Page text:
This idea relies heavily on the proposition that it is more beneficial to employ his capital in a domestic market. To prove this idea he imagines a scenario in which a merchant employs goods in a foreign market with equal, or nearly equal, profits generated compared to the domestic market. Smith’s objections to this are fairly straightforward, saying “In the home-trade his capital is never so long out of his sight as it frequently is in the foreign trade of consumption. He can know better the character and situation of the persons whom he trusts, and if he should happen to be deceived, he knows better the laws of the country from which he must seek redress.” This is very much true for any business when Smith was writing, but we can’t put him at fault for not envisioning the modern international corporations that we see today.
But Smith doesn’t stop there with the scenario. He writes that “In the carrying trade, the capital of the merchant is, as it were, divided between two foreign countries, and no part of it is every necessarily brought home, or placed under his own immediate view and command.” For this uneasiness at having his capital not under his own control Smith argues that the merchant will actually invest to have his capital brought home, despite the obvious costs of moving it back. He gives an example of an Amsterdam merchant that has stock moving from Lisbon to Konigsberg and vice versa. Eventually the uneasiness in the merchant will build up until he moves the stock back to Amsterdam at a great cost to him, writing that “this necessarily subjects him to a double charge of loading and unloading, as well as to the payment of some duties and customs, yet for the sake of having some part of his capital always under his own view and command, he willingly submits to this extraordinary charge.”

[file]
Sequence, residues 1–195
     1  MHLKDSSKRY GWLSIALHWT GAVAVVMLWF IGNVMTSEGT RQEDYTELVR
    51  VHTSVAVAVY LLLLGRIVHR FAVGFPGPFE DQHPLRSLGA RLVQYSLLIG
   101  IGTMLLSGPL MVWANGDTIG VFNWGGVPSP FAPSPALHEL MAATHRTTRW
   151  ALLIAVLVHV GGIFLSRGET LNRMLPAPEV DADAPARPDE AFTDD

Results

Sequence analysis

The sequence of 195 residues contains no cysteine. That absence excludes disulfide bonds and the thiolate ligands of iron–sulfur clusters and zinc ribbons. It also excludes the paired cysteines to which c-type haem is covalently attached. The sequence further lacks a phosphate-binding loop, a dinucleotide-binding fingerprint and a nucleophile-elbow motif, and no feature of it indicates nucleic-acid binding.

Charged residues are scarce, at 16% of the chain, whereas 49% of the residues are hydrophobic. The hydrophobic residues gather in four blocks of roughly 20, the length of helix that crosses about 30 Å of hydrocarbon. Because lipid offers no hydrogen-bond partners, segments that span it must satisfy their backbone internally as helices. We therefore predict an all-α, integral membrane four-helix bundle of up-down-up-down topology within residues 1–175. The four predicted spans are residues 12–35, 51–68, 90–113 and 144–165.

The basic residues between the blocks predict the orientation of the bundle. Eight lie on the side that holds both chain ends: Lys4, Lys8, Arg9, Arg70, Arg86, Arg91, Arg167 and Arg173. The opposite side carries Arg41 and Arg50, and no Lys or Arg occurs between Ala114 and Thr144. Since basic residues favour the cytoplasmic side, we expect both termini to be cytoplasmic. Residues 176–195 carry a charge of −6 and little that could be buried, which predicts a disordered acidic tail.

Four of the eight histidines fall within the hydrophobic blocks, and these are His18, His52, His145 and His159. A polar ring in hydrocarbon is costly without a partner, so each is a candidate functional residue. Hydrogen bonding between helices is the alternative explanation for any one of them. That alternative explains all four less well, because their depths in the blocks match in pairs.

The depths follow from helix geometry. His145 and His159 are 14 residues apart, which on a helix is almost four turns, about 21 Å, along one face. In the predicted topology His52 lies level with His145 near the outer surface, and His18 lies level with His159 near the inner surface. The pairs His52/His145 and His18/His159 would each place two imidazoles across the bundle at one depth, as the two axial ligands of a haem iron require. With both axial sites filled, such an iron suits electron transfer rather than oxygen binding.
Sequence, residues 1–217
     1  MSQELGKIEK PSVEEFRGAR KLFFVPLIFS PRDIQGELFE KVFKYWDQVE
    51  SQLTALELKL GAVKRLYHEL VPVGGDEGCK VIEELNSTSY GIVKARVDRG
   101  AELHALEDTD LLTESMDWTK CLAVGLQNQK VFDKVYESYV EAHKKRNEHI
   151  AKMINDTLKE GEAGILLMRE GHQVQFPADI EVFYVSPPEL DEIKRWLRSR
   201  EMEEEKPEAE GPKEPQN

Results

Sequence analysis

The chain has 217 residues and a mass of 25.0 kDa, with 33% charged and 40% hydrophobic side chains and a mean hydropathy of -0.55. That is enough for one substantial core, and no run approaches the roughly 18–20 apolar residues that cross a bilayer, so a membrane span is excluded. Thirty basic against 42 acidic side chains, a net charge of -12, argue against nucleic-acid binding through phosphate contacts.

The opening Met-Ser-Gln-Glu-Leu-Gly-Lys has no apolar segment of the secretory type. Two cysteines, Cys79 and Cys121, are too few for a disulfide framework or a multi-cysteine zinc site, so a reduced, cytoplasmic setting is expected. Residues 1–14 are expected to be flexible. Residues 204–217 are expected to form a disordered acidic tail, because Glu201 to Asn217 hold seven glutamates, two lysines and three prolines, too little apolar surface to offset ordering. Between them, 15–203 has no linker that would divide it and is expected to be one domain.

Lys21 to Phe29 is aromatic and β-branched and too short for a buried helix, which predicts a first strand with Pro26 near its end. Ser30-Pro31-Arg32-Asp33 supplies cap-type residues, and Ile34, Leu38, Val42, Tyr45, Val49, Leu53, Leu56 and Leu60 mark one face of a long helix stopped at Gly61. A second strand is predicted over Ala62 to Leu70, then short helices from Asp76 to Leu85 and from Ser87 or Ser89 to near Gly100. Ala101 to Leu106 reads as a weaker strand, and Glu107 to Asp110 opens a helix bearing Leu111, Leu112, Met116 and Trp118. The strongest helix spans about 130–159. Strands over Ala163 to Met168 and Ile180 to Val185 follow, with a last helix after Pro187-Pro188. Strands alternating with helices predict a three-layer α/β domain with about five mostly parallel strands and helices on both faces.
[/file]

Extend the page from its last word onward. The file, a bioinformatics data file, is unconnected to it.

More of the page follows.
I don’t think I need to go to great lengths to disprove this theory. Advancements in technology alone have rendered this idea obsolete, but the modern corporation puts it to rest. I wouldn’t be surprised if most CEO’s and large business owners never step foot in the stores that their company runs. And there is no need to have a watchful eye over all goods since communication can be instant at any moment. Given this conception, it would certainly seem if the “invisible hand” of the market didn’t exist at all.
The use of the phrase in “Theory of Moral Sentiments” doesn’t differ too much from the previous use. Smith argues that the rich don’t actually consume more than the poor, and thus have more to give the poor. The passage goes: